Iowa Public Television


Drought Aid Depends on Federal Budget Cuts

posted on February 7, 2003

Hello, I'm Sid Sprecher. Mark Pearson is off this week.

On Friday Wall Street's bulls cheered the news of lower than expected unemployment numbers. But the prospect of War continues to dampen markets. The Homeland Security Office has raised its terrorist threat level, an action that doesn't encourage investors.

Moreover concerns about deflation remain, even as commodity prices continue to rise. The CRB index, which we quote on this program, is running at historic highs. Usually that signals a return of inflation.

Adding to the climate of homeland insecurity for Rural Americans is the rising prospect of drought.


Drought Aid Depends on Federal Budget Cuts

The lack of snow pack in much of the mountain west is feeding worries on the plains. A Nebraska Department of Natural Resources spokesman warns some farmers may not get enough irrigation water to raise a crop this year. The latest weather service maps show much of the nation's breadbasket is in the grip of a severe drought.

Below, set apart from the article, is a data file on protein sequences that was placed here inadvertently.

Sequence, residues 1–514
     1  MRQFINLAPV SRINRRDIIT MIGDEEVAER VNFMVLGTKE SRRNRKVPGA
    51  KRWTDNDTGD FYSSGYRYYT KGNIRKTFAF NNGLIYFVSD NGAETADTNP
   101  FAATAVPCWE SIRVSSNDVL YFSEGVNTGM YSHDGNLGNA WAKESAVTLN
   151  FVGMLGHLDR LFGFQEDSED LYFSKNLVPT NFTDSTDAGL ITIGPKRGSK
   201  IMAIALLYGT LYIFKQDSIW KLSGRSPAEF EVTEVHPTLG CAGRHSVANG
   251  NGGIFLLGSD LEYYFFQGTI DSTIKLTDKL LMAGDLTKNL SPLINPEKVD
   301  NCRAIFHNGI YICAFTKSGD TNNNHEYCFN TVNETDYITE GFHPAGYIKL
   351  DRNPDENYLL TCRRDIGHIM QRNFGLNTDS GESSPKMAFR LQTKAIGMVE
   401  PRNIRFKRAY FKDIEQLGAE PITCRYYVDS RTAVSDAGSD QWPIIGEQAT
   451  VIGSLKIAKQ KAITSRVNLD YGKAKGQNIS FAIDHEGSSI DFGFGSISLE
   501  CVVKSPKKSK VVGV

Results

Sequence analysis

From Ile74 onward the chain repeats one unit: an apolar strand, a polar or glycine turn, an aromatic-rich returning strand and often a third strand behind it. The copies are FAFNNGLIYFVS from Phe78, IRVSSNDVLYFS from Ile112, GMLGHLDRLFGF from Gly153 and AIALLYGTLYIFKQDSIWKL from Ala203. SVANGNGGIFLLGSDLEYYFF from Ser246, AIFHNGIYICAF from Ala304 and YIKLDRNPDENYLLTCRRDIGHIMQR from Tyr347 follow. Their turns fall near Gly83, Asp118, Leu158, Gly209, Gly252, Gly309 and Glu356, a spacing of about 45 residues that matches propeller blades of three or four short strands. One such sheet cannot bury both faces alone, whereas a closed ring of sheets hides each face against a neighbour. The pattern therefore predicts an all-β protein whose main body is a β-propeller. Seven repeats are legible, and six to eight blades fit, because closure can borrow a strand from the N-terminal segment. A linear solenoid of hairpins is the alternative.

In Washington the wrangling continues over disaster relief for last year's drought. It's expected a package will emerge that will direct relief to those afflicted both this year and last.

The White House says it will support the aid, if the source is from cuts made to existing agricultural programs. Some farm groups fear that means conservation programs will be reduced. But there are efforts in the works to reintroduce limits on farm subsidy payments. The payment limitations were soundly defeated in the Farm Bill debate, but demands for drought assistance and prospects of large federal budget deficits are renewing interest in the concept.

Senate Republicans Charles Grassley of Iowa and Chuck Hagel of Nebraska are developing legislation that would lower the current ceiling on total government payments to farmers by more than a third.

Tags: agriculture Congress disaster relief drought news weather